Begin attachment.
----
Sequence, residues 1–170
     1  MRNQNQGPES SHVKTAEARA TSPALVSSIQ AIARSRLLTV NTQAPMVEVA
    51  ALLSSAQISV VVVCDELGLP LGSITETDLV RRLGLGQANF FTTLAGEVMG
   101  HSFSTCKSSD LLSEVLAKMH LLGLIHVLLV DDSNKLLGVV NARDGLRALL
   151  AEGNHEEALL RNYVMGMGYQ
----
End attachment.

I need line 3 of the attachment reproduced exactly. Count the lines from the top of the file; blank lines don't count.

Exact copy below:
    51  ALLSSAQISV VVVCDELGLP LGSITETDLV RRLGLGQANF FTTLAGEVMG